I’ve always been a bookworm. From seven or eight years old, I pored over every issue of the legendary ‘Motor’ magazine, relishing the data and reviews. As a car-obsessed kid on the west coast of Ireland, there was no one to share any of this geekery with, other than a handful of less obsessed schoolmates. But that didn’t stop me from soaking it up.
Unforgettable ‘Car’ reviews had brilliant photos with text from a lyrical genius. Whether it was Aussies Cropley or Nichols, Austria’s Kacher or the brilliant George Bishop, their work seemed effortless – the words just flowed out. When you do the right homework, that’s how it goes.
Stuck in a place where these dream-sequence pieces could never come true, I absorbed them like sunlight. Exacting attention to detail went into these features and that shone from the pages: the least I as a reader could do was give them my undivided attention.
If the laser-beam focus that we shot into the pages of the magazines of our youth was absorbed as raw spirit energy, then a solution to climate change is stacked all around me. I have thousands of old magazines on shelves and in boxes: decades of Autocar, piles of Car and Performance Car, the complete works of Street Machine, Custom Car and hundreds of Bike magazines. The energy contained within these pages must be pretty incredible.
Much as I love what these magazines encapsulate, most will be recycled at some stage. While I enjoy leafing through tokens of my well-spent youth, they are not a must-have reminder of my boyhood fascination with car reviews. Somewhere along the journey from young reader to driver, I realised that comparing one new car to another no longer mattered to me. The story mattered – it always does – but the actual product was less of a draw.
Nothing much interesting happens with cars until you drive them out of the showroom and into the world. It’s a bit like having kids: the delivery is special, then a few days of bright fascination, then the glow of strapping them into their child seat and heading home from the hospital. But then, the newness softens. Months go by where not very much happens. Of course you are bonding, but really it’s just clocking up the miles until they get interesting.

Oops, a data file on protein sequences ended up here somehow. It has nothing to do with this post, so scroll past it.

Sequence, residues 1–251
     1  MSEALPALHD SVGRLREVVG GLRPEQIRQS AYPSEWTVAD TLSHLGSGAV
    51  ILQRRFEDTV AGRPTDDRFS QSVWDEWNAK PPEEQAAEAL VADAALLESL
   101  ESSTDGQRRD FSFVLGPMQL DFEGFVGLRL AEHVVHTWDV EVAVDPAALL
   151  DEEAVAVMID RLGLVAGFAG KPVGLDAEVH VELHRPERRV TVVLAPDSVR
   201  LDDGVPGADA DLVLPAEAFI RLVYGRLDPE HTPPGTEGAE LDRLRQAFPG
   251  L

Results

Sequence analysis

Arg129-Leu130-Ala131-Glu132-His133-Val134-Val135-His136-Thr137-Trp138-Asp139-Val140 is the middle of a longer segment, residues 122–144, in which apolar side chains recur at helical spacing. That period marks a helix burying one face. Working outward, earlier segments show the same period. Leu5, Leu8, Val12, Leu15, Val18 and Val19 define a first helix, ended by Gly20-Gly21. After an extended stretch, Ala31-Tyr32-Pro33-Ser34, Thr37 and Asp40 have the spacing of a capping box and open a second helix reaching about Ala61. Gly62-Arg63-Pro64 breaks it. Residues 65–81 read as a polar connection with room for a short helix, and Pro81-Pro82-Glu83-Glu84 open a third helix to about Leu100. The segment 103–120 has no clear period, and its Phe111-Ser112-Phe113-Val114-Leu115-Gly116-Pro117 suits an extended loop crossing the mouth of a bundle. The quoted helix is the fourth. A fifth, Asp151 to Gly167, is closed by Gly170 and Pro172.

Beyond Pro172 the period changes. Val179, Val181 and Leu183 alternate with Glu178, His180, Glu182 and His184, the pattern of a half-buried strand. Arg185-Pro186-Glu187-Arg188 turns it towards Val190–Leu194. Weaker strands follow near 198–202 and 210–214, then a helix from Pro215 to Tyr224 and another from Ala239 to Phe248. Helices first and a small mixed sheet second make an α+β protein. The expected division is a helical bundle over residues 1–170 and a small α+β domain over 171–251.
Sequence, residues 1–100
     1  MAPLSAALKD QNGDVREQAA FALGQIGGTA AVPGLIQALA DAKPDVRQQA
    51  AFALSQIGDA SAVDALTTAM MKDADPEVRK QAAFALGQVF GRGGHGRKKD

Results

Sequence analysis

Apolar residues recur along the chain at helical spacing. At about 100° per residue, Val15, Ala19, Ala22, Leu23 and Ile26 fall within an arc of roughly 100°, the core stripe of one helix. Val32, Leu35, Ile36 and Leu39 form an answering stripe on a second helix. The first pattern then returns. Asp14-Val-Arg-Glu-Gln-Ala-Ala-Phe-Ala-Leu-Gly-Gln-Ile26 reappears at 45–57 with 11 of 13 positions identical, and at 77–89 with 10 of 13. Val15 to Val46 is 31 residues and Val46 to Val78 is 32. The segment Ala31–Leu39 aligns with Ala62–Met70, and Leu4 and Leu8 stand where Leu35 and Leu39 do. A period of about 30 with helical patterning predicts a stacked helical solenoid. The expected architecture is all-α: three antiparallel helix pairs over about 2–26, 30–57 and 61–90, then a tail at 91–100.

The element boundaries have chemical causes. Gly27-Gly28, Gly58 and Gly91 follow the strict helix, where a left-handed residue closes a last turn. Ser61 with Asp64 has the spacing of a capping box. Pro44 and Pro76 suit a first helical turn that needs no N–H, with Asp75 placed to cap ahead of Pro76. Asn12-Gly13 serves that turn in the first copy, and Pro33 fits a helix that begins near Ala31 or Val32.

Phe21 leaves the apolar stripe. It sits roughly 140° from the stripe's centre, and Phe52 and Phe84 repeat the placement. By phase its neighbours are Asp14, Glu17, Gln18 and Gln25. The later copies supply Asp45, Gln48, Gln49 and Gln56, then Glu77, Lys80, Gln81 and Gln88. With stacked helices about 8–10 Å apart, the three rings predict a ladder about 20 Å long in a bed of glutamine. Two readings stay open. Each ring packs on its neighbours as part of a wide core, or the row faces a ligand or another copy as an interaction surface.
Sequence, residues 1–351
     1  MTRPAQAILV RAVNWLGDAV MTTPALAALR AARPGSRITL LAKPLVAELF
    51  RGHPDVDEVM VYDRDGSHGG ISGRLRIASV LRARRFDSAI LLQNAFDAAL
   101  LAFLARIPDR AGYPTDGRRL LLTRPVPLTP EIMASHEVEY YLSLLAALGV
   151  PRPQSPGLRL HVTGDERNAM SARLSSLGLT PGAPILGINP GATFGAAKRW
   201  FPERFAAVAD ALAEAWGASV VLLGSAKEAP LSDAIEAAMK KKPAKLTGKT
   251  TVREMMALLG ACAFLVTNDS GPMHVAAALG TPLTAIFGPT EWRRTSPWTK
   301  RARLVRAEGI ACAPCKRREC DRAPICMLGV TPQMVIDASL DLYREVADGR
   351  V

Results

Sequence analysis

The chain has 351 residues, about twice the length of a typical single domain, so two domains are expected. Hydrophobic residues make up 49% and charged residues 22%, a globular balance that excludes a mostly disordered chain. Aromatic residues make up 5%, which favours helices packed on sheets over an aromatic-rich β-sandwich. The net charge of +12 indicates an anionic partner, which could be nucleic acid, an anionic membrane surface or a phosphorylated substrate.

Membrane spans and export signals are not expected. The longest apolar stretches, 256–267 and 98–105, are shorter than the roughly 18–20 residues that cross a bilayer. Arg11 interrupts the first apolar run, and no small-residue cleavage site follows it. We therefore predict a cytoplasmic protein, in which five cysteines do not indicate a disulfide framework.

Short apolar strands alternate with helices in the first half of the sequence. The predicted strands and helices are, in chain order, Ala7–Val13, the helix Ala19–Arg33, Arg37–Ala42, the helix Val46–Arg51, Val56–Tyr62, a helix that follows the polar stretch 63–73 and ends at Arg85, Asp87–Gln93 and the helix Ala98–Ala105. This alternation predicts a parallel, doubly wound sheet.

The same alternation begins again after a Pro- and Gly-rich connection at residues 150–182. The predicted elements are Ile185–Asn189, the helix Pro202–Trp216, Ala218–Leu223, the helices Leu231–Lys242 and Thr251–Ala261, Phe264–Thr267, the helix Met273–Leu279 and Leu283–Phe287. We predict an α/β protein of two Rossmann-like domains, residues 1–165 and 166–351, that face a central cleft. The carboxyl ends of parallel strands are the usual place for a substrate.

Then they start moving, and failing. Every fail is a thrill: fail, fail and succeed. Progress is swift – you learn fast when you fail. Their failure exposes vulnerability and brings out our empathy. As the days pass with small fails and small wins, thoughts of what life was like before this empathic connection starts to fade. It begins to feel like they have always been around. The energy pored into them begins to shine back. They tell part of your story and you contribute to theirs. Your part is a privilege.
As such a huge percentage of my emotional life has been wrapped in the romance of cars, I find distinct parallels in connection. Car stories worth telling have cracks in the windscreen. Memorable protagonists come with a back story. A life well-lived is defined by the stone chips and the stories I love come with this as the subtext.
Of course, second-hand stuff is not for everyone. Some people love the no-story of newness and, having owned and sold many new cars in my life, I get that. But newness is not my primary trigger. I like things that are scratched: the wear on a camera or the cracks in the leather. In the same way that I liked it when my kids would fall over, I take some pleasure when they ring me in tears: they are living a life and writing their story through authentic experience. When the question is new versus used or shiny versus scratched, there is simply no contest for me.
New Porsche Macan is a thriller
Used car admirers would be pretty stuck without new car obsessives, so hats off to them. New Macan is out and about and, as someone who has run 4×4 SUVs for decades and can see no impending end to that, of course I like it, but of course I would only buy used. The used Macan I would buy is still thirty grand and unlikely to fall into my price range anytime soon, so I scratch the vague itch vicariously, by chatting with friends who own them and watching Stuttgart’s Youtube content.
The latest Macan video wants to talk about thrilling. Printer paper and water coolers: they are not thrilling. A Macan at dawn on a twisty road: that’s what thrilling is like. But that viewpoint depends on the watcher.
Printer paper carrying the first draft of a book is thrilling. Rising from a long desk stint for a cool cup of water: also good. An empty Macan on a twisty road first thing in the morning feels like a bit of a waste. My early morning drives are all about taking the dog to the woods or heading out to collect yet more reclaimed architectural salvage. An early morning drive in a Macan with the dog in the boot and an empty trailer on the back? Now that would be cool.
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